How I introduced my mom to Death Stranding (and changed my appreciation for the game in the process)
I’m not new to Kojima’s oeuvre. I’ve played Metal Gear: Solid Snake, Snake Eater, and Phantom Pain — I’ve also watched dozens of hours of analysis of the MGS games I didn’t play. I knew Death Stranding would be a ride, but what I didn’t know was that I would do something wild this time: experience it with my mom.
A little background on mom: she’s not a gamer, far from it. Despite having two sons who grew up playing games, she never really paid it much attention. She’s an avid consumer of audiovisual media, though. For years she spent hours upon hours watching and rewatching her favorite movies, her DVD collection was epic. Recently, though, she stopped watching movies and started getting into series. Only when it was already too late I realized it was because her memory was failing — she couldn’t retain info from 120min of plot, so 30min bites (in which plot points are repeated over and over in each episode) worked better for her.
Well, last Saturday I decided to spend the afternoon with her. I grabbed some snacks and went to my brother’s house, where she lives ‘cause she can’t manage it on her own anymore. I took Death Stranding for my brother, so he could play it while I
fuel my addiction to The Sims 4 unravel the mysteries in CONTROL, and I don’t know how or why, but the box art caught her attention.
“What’s that?”, she asked.
“It’s a game for
She agreed, so we got our snacks and off we went to binge on over 7hrs of pure Kojima weirdness.
Which wasn’t all that weird, when I look back on it. Is Death Stranding a crazy ride? No doubt about it! But as mom kept asking me the same questions every 15min, my replies turned out to be quite… accessible, I guess?
“What’s with the baby? Why is this guy carrying them?”, she asked, to which I replied, “It’s a bridge baby, he was taken alive out of the womb of his dead mother, so he has a direct connection with the other side.”
“What are those black handprints?”, she asked, to which I replied, “Those are beached things, they are the spirits of the dead who couldn’t go fully into the sea of death, so they crave for the living, like phantoms.”
“What’s up with the beaches?”, she asked, to which I replied, “Beaches are transient ecosystems, the edge between land and sea. If you imagine life is land, and death is the sea, the beach is the place where you must cross.”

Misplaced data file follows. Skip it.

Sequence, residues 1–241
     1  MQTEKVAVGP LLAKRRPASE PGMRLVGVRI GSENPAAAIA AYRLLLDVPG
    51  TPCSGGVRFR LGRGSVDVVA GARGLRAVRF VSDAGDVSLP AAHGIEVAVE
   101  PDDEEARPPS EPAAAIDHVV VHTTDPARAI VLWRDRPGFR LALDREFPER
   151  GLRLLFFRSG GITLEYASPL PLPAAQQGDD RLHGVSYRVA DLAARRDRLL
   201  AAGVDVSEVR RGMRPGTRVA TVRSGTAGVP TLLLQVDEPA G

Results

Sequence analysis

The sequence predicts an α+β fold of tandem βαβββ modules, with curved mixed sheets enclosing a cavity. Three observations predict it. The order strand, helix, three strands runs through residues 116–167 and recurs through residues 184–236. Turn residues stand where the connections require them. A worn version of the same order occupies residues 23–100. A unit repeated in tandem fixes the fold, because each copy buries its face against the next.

That went on and on for hours, the same questions coming again and again, and every time I replied, it was slightly different, but it helped me have much more appreciation for the plot in Death Stranding.
It is weird, true, but it speaks truths that are spiritual and deep, something we rarely see in any media, and it is specially rare in games.
Mom ended up falling asleep just before one of the endings. As Sam and Amélie discussed the final decision he had to make on her beach, mom dozed off and slept soundly. She had enjoyed the trip along Kojima’s surreal world of BT’s, BB’s, connection and death. She doesn’t remember much of it, but I’m up for watching it all again with her, if she so desires.
But now… Now Death Stranding speaks to me on another level. The songs, which were already good, now speak to me on a personal level. The conflict and reconnection between Sam and Amélie/Bridget, the relationship between mother and son, has another meaning to me. It saddens me to no end, though, so I can’t think too much about Death Stranding without getting misty eyed. I feel a bit like Heartman, scared that our beaches will isolate us from each other forever.
This game, this story, will always be something I shared with the most important person in my life. She taught me a lot, and it’s because she compelled me to use an English-Portuguese dictionary to better understand the games on my Mega Drive (Sega Genesis) when I was 7 that I can share this story with you folks.
So… on a final note, hear me out: try to connect with someone you love before it’s too late. We’ll be alone in our beaches when our time comes, and no one knows what waits for us in the sea, but right now we are on land, walking uncertain steps towards who-knows-what. Let’s not waste time with silly quarrels and pettiness.
More ropes and less sticks.
Thanks for listening, HAL out.